Linked by David Adams on Fri 5th Aug 2011 17:42 UTC
Graphics, User Interfaces Since we're on a CLI kick today, here's an "attempt at presenting some of the most important guidelines for CLI design."
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Gawd awful guidelines ...
by MacTO on Sat 6th Aug 2011 17:13 UTC
Member since:

The Unix shell is superlatively wonderful because it comes with an extraordinarily powerful set of tools. Yet using it as an example of how to design command-line interfaces, well that's purely insane.

The Unix shell can afford to be more descriptive. This is true for how users issue commands (command completion means that noones going to develop RSI from using 'list-files' instead of 'ls' or '--force' instead of '-f'), but it is also true for how the program responds to user (since it is important to display progress for time consuming or complex processes).

The software can also afford to be more interactive. Yes, you need to be able to turn off interactivity for scripting. On the other hand, there are times when the software needs to ask. If it doesn't ask, it either fails to do what it's supposed to (e.g. 'rm') or it defaults to a destructive action (e.g. 'rm -f').

Those are just two examples stolen from the article, but the reality is that there are many ways to improve command line interfaces. The problem is that we live in a ghetto where the old way is the right way, so there hasn't been much progress over the past 20 to 30 years.

Reply Score: 2

RE: Gawd awful guidelines ...
by shotsman on Sat 6th Aug 2011 17:56 in reply to "Gawd awful guidelines ..."
shotsman Member since:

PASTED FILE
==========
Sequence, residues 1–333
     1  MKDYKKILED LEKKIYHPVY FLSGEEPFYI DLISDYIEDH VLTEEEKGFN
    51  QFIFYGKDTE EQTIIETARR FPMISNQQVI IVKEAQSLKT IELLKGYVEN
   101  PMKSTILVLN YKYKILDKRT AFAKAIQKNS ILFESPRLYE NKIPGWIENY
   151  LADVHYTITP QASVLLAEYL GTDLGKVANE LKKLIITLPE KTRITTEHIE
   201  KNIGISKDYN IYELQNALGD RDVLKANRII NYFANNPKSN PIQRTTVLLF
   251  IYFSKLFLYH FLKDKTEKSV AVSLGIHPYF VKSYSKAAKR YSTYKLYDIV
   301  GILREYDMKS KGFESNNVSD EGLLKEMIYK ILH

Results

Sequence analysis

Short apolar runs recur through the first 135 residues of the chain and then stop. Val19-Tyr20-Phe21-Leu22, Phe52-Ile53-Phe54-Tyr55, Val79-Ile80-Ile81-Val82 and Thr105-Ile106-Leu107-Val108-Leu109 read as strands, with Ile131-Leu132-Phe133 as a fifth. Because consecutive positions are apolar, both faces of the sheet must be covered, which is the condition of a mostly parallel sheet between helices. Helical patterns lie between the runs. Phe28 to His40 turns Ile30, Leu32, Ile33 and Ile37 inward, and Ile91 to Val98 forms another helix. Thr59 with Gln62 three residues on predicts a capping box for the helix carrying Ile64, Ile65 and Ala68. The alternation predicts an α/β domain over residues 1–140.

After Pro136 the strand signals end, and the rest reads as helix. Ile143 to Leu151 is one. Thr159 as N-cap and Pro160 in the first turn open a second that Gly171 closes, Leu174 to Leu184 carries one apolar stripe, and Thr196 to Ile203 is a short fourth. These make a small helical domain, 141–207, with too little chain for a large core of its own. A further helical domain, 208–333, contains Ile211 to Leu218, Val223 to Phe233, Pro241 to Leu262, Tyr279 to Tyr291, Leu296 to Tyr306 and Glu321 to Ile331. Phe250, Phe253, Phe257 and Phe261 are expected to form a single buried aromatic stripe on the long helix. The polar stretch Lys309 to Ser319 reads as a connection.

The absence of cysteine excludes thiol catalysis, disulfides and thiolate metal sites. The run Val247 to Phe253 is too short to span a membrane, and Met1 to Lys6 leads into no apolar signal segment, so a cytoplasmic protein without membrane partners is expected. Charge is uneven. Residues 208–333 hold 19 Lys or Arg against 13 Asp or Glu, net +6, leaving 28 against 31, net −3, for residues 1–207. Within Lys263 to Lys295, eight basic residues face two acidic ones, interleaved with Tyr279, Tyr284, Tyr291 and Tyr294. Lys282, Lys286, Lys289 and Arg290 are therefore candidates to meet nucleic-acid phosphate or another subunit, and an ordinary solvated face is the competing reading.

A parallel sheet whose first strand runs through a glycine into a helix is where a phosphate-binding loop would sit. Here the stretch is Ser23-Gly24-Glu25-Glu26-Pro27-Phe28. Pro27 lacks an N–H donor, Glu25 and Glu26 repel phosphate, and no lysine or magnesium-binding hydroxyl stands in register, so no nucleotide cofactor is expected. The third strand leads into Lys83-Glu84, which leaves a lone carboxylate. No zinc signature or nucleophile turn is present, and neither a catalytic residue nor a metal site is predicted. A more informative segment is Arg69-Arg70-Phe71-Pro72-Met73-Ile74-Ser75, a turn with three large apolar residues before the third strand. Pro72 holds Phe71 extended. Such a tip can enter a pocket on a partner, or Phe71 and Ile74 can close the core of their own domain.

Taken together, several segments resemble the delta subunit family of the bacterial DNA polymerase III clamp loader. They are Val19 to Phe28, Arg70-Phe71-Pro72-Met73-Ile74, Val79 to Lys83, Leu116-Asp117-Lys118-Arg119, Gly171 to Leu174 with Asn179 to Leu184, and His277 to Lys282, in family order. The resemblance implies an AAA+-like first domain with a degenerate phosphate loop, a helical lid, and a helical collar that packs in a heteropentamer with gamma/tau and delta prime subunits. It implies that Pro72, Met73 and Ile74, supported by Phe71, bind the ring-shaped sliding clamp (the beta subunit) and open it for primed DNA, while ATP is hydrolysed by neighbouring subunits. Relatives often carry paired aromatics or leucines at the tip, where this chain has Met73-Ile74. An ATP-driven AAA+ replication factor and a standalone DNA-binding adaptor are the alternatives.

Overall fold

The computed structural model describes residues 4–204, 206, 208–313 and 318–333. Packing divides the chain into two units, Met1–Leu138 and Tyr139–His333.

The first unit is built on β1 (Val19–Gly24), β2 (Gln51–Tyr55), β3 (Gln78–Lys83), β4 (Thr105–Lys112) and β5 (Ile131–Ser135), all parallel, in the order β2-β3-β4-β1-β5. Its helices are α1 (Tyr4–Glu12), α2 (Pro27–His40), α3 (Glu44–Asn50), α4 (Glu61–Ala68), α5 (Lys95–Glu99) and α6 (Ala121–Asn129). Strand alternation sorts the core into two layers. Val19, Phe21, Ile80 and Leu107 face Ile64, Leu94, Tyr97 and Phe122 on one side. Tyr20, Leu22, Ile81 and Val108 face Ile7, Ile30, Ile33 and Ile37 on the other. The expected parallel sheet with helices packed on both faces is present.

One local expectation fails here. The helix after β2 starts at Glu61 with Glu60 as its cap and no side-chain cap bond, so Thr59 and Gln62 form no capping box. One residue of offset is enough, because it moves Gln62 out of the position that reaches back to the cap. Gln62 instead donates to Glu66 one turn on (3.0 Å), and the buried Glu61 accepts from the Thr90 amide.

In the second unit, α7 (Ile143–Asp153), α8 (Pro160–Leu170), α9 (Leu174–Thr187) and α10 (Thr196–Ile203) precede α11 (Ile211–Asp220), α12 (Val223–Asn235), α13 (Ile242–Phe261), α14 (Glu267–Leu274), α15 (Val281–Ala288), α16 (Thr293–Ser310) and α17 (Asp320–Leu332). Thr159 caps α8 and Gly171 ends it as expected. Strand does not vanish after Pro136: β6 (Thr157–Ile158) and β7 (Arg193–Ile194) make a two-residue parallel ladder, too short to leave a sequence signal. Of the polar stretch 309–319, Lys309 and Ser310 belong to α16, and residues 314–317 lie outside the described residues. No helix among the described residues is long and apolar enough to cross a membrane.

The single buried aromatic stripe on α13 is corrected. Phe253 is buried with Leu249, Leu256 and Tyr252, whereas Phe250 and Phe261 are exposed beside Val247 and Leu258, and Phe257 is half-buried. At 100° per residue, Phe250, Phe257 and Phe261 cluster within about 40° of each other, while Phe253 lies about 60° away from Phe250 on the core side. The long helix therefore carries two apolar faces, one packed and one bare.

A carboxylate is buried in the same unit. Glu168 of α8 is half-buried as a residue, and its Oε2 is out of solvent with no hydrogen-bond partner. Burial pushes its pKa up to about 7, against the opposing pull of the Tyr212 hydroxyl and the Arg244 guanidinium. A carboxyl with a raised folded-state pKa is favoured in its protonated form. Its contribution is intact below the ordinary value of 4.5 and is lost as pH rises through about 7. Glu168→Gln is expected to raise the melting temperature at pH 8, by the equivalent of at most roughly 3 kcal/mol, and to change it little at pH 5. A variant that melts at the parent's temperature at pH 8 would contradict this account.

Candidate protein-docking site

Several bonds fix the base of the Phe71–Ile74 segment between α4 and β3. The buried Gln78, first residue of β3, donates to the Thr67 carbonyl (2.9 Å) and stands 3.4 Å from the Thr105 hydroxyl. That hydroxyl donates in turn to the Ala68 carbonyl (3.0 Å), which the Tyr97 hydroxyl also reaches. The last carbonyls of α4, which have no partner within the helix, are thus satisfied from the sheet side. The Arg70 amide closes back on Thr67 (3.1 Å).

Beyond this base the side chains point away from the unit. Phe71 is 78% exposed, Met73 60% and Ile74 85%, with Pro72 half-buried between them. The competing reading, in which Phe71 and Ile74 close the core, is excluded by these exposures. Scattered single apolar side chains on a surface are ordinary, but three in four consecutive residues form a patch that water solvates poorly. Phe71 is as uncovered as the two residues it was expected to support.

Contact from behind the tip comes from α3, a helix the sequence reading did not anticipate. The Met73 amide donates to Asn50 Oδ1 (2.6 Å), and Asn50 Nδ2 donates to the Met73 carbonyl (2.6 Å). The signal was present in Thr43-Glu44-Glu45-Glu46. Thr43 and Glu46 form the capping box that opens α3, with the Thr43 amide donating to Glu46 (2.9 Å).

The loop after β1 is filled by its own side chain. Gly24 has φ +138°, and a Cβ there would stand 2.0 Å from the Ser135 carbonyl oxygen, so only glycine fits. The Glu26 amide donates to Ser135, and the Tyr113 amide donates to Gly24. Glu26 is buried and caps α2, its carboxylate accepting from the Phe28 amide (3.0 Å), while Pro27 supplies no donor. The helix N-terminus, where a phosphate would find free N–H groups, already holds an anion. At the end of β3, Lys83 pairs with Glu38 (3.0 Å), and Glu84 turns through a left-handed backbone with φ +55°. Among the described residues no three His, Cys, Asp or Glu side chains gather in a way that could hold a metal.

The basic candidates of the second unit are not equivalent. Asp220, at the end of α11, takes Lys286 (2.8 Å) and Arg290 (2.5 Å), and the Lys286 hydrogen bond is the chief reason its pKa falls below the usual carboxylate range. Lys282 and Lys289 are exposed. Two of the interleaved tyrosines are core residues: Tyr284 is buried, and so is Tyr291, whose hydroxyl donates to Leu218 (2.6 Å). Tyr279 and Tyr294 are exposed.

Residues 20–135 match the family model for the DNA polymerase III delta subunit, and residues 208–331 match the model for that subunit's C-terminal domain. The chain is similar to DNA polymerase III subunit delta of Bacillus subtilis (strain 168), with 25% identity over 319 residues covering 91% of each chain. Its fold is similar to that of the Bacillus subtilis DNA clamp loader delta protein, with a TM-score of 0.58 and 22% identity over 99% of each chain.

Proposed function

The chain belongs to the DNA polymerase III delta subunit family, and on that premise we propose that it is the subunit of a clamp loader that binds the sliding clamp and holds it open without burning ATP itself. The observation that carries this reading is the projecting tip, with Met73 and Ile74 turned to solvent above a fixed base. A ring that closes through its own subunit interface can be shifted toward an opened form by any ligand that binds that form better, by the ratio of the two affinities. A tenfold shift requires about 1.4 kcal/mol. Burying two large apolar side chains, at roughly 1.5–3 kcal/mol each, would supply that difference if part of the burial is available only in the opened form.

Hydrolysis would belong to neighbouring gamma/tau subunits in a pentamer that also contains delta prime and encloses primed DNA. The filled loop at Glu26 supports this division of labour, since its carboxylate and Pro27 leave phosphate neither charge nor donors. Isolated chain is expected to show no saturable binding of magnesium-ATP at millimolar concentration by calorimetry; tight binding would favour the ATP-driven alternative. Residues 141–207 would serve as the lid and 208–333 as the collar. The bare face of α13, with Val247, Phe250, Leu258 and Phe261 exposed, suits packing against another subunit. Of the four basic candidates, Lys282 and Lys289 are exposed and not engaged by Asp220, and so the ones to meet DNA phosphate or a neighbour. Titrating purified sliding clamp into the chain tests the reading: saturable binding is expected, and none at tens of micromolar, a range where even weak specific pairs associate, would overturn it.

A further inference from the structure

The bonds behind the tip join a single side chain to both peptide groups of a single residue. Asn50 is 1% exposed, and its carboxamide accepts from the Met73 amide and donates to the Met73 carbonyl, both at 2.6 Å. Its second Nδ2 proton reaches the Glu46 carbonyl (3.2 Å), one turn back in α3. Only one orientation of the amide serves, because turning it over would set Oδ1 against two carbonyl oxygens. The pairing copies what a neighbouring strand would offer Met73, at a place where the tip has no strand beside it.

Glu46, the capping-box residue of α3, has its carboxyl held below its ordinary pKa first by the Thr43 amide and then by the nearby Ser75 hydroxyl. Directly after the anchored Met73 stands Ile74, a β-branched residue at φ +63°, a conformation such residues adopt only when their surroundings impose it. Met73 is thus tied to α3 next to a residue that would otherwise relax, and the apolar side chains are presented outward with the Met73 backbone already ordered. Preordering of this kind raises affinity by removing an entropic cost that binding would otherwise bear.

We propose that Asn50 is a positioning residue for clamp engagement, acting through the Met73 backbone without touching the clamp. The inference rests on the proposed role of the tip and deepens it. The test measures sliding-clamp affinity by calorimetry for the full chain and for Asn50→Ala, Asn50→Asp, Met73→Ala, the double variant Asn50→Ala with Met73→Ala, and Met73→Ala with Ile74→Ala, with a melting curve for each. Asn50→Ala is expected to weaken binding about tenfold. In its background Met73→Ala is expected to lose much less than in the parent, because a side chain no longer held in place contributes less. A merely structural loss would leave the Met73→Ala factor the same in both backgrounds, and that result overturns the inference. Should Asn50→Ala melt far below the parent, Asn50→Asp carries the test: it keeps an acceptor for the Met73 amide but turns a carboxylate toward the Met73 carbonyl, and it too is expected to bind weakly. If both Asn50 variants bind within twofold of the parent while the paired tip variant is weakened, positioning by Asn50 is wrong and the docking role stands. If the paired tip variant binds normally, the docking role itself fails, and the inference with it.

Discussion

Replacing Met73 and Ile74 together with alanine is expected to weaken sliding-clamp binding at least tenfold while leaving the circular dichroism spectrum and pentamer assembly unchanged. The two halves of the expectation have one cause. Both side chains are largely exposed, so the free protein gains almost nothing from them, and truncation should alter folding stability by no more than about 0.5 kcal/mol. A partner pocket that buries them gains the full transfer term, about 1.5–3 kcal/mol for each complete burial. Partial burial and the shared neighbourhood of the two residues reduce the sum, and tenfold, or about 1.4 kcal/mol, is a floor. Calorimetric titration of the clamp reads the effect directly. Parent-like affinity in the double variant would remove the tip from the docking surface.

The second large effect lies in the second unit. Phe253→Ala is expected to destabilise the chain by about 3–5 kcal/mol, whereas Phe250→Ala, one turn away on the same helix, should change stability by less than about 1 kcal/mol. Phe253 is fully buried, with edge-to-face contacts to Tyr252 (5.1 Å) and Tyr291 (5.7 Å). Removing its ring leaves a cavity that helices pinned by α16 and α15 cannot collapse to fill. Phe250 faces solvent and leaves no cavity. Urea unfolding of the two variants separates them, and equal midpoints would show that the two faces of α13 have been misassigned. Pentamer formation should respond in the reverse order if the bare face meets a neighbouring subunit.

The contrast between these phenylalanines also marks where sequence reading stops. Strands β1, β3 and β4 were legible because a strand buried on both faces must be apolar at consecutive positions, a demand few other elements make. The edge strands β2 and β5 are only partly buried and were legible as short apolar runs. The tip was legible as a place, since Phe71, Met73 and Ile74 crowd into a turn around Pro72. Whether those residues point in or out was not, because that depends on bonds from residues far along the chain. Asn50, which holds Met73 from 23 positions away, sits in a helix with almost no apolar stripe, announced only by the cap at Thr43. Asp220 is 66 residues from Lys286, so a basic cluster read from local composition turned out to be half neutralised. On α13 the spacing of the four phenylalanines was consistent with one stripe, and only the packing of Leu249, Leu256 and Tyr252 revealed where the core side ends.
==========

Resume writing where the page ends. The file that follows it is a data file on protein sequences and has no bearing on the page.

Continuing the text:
To paraphrase a character from 'Little Britian'

Yes. But No But Yes But...

There has been an alternative to the Unix shell that has been around 30+ years.
As you sat, no one is going to get RSI from using


instead of

cp -v

But it goes way beyond this.
The Unix shell is as pretty well everone agrees a powerful tool. So is the VMS DCL Shell.
Both have their +ve's and -ve's.
However in 30+ years of using both, the DCL shell is far more natural and is a pleasure to use.
Now I am the first to admit that people moving to it from Bash etc are mystified by it.
Once you reset your perceptions it becomes perfectly logical.

What I'm trying to say is that was can do a lot better than the Unix shell.
I agree that using it as a reference point in CLI design is just plain crazy.

I'd expect that if you asked this question of the original Unix devs they'd give you the country mile answer.
viz, 'I wouldn't start from here'.

It is a pity that more people aren't interested in moving the CLI forward.

Reply Parent Score: 2

moondevil Member since:

Lately I have been using Powershell and it is quite powerful, by merging Unix concepts with .Net and object pipeline.

Might have its quirks, but it sure is way lot better than using or cmd.exe.

Reply Parent Score: 3

foregam Member since:

I wouldn't call it pleasure. It's more consistent, yes (e.g. only one way to pass options) but highly unorthogonal too. SET and SHOW are the best examples — it's the same old idea "let's make it feel like English" that begat COBOL.

Reply Parent Score: 1